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Article updated on 24/02/20 by Stephen Edgar
Robotic systems in heath-care are finding more varied applications. Robotic devices have become ever more effective substitutes for replacing missing limbs. However, researchers have been working in parallel to develop robotic devices for use in surgical procedures, the delivery of rehabilitation to patients suffering from spinal cord injury and in their use as “companion bots” to help educate and support children with learning disabilities.
The development of surgical robots has matured to the point where they can be appropriately used in operating rooms. Technology - including telesurgery, such as the RP-VITA Robot designed to deliver healthcare at the lowest cost via audio-visual telecommunication for remote consultations – is shaping the healthcare environment. Perhaps the standard for robot-assisted surgery with more than 6 million surgeries globally, the Da Vinci has improved year on year but is still guided by a highly trained surgeon.
A more unusual development is the “snake robot” that could potentially be used to isolate tumors in the human body. The robot doesn’t work alone, a skilled surgeon helps guide the robot into intricate locations in the body where there may be a tumor. This paves the way for a minimally invasive surgical procedure that eliminates the need to cut through the patient’s soft tissue to isolate the surgical point.
This particular robot was developed by OC Robotics, specialists in the design and manufacture of snake-arm robots. The design and development of this device is in early trial stages and so the exact structural and functional principle are still to be refined. Some of the latest technology by OC Robotics for confined space is made of long flexible arms ideal for small openings.
Functional Components to the Snake-Arm Robot
The main components of the Snake-arm robot include:
An interface system that normally includes a PC with software to manipulate the Snake-arm and a controller to apply a multifunctional approach to the remote system.
The actuator is controlled using wires that feed electrical energy from the energy pack into the Snake-arm.
The main component of this robotic device that bridges the gap between the controller and the confined space is the Snake-arm. The structural components to this arm include links that give the arm the flexibility it requires to conduct automated operations. It is important that during surgical procedures the robot is light enough to limit any pressure on the confined space being operated on. During surgery, intricate confined spaces being operated on will be more sensitive to pressure and this also highlights the importance of creating medical robots that have a minimum mass for maximum reach without compromising the positioning of the robot and surrounding tissue.
The speed of the OC Robotics Snake-arm tip is typically 1 m/s. The speed of any surgical robot will need to be matched to increased precision and repeatability.
The following video demonstrates the OC Robotics Snake-Arm and should give you an idea of how this machine work and how this technology is now being refined for wider application in surgical procedures where it will be used to isolate potentially hard-to-reach spaces and remove tissue.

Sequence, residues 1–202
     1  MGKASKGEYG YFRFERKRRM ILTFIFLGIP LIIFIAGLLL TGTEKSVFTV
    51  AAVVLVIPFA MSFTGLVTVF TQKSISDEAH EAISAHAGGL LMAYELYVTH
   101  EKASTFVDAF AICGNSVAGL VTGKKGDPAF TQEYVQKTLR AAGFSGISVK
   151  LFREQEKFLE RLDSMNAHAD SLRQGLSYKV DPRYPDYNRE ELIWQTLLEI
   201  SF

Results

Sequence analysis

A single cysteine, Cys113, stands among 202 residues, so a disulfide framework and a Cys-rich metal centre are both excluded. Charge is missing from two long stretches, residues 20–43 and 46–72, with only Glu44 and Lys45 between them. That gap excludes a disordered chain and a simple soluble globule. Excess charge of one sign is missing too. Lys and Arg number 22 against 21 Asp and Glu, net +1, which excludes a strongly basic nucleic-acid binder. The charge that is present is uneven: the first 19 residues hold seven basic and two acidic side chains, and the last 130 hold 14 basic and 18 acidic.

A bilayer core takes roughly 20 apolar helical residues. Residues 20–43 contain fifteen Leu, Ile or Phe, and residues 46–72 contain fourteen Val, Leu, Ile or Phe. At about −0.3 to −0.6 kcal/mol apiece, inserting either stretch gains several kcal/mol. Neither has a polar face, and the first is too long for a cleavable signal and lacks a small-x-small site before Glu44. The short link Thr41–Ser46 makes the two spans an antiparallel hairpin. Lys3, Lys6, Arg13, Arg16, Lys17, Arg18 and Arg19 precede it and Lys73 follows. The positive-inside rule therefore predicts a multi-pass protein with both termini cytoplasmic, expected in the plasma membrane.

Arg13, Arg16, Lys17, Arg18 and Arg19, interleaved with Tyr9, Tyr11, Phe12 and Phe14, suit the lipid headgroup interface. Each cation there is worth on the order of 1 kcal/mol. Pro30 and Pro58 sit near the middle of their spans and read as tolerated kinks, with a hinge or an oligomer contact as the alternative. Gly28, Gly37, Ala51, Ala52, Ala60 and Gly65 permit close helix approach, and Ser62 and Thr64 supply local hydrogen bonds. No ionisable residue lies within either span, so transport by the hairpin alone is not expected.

How Do Surgical Robotics Work?
Technological advancements in snake robots are intricate and involve simulation techniques using sophisticated algorithms. The application of snake robotics to assist surgical procedures is an exciting and novel approach to healthcare. The concept of snake robots for keyhole surgery is becoming infectious among the application of sophisticated surgical operations.
The i2Snake Robotic Platform for Endoscopic Surgery is the evolution of the iSnake and has been improved to offer a platform that can perform more complex endoscopic surgical procedures such as ENT while reducing patient trauma and recovery time. The main feature of the intuitive i2-Snake robot is the imaging technology that provides the surgeon with increased flexibility to explore the confined surgical points within the human body. With a full range of articulated joints and motors along with sensors, this robot is a highly flexible sensing platform and allows for high precision and navigation.
The team behind this research are from the Hamlyn Centre at Imperial College London. The first generation iSnake robotics system has been taken through trials by being tested to perform surgical sterilization procedures. The key aim of this development is to provide sophisticated technology that eliminates the application of rigid instruments and to reform minimal invasive surgery.
In the following video, Professor Guang-Zhong Yang and Professor Lord Ara Darzi leading this innovative project offer insight into their research in developing the i-Snake surgical robotic device and emphasize the vision of hopefully seeing technology being used in hospitals.
Video Courtesy of the Welcome Trust
Video Courtesy of the Hamlyn Centre
Benefits of Surgical Robotics
Research on the advancement of surgical robots demonstrates the synergy between imaging, sensory components, robots, and surgery, but what advantages does this technology offer? The application of snake-like surgical robots does mean that a more detailed investigation of the alimentary tract and heart surgery becomes possible. By eliminating the use of rigid surgical instruments that could potentially harm surrounding tissue there is the possibility of less invasive treatments and faster recovery time due to trauma-induced by limited access.
The main challenges ahead are focussed on join articulation, how to integrate an array of artificial sensor components and navigation methods into a surgical robotic system, and how this tool could be used to identify different tissues within the body.
References and Further Reading